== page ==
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Displaying unicode in windows prompts
» Home : Blog : January 2004
Good question. I looked into it, and I might be using one already: the Windows prompt. It seems to have support for UTF-8, but darned if I can figure out for sure.
Windows has a command called "chcp" to change the active code page. The help isn't clear whether this changes how the prompt interprets bytes for display, or how the built-in commands generate bytes for output.
The default on my laptop is code page 437, and when I print unusual characters, I often see the line-drawing characters instead. Somewhere I read that code page 65001 is UTF-8, and chcp will accept 65001 as a choice, but Python behaves oddly when I set it:
>>> u = u'\xab\x6b\xfc\xdf\xee\xa7\xf6\x66\x74\xbb'
It seemed to detect the code page automatically, but never heard of 65001. When I try to force it to utf-8, it shows the kind of line noise that indicates the display isn't interpreting utf-8.
Worse, just using built-in commands doesn't seem to work properly. I created two directories, one with upper-half latin1 characters, and one with true two-byte Unicode characters. In my main prompt window, the "dir" command shows both strings properly no matter what the active code page is. Why is that?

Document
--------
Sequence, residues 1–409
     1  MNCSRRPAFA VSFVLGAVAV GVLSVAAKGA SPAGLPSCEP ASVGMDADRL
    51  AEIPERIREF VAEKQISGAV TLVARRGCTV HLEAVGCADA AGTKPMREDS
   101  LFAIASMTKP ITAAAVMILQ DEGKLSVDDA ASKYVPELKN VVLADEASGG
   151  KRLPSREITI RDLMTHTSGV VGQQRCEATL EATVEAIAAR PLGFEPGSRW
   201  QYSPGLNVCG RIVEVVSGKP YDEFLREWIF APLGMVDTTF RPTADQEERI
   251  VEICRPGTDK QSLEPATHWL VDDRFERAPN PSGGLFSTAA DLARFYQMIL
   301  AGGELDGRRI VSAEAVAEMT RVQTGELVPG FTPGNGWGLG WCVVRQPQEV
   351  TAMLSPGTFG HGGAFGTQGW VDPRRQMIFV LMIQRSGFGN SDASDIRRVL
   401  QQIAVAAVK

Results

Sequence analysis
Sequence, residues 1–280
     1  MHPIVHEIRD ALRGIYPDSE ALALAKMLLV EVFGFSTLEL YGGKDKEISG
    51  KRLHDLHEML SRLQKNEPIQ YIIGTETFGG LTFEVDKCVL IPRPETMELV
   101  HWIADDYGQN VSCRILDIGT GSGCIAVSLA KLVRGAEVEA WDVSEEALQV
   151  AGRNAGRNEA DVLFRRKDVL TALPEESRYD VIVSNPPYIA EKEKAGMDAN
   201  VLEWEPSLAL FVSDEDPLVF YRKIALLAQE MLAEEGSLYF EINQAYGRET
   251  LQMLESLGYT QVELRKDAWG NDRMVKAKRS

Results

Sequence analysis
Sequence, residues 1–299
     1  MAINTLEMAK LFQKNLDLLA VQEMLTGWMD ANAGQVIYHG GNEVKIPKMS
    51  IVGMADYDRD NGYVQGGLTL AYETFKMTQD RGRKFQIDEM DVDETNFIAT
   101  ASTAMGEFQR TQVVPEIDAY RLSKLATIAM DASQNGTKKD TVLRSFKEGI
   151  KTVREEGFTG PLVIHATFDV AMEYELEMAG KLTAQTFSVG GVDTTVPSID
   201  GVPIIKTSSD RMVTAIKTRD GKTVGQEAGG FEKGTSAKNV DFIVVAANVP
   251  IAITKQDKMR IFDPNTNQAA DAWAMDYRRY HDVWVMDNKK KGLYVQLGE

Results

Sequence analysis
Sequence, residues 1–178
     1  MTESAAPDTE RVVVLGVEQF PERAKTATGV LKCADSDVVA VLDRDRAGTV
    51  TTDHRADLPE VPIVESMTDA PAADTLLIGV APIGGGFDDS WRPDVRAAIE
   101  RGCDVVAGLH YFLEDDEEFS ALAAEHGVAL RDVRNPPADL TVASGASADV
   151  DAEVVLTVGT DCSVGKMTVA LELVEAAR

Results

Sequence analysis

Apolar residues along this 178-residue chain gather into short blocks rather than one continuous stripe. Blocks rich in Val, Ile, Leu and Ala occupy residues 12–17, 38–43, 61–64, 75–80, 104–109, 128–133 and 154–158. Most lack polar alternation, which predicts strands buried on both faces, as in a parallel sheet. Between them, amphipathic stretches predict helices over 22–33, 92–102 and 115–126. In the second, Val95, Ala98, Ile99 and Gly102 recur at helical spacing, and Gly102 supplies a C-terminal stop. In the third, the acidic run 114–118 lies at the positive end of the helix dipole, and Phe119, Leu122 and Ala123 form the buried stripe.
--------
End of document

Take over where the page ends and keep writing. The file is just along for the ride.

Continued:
With a new command window started with no customizations, I can't figure out what it's doing: the code page starts as 437, and it displays kind of what you'd expect (although one of the characters it is displaying isn't in code page 437!):
After setting the code page to 65001, everything is crap. I'd show you, but although there are line drawing characters in Unicode, it's too much of a pain trying to use them to faithfully reproduce what I am seeing.
Somewhere there's a great page that shows the different kinds of gibberish you encounter while doing this sort of debugging, and diagnoses what's going wrong. Jukka Korpela's Tutorial on Character Set Issues may be what I am thinking of, though I thought it had longer examples.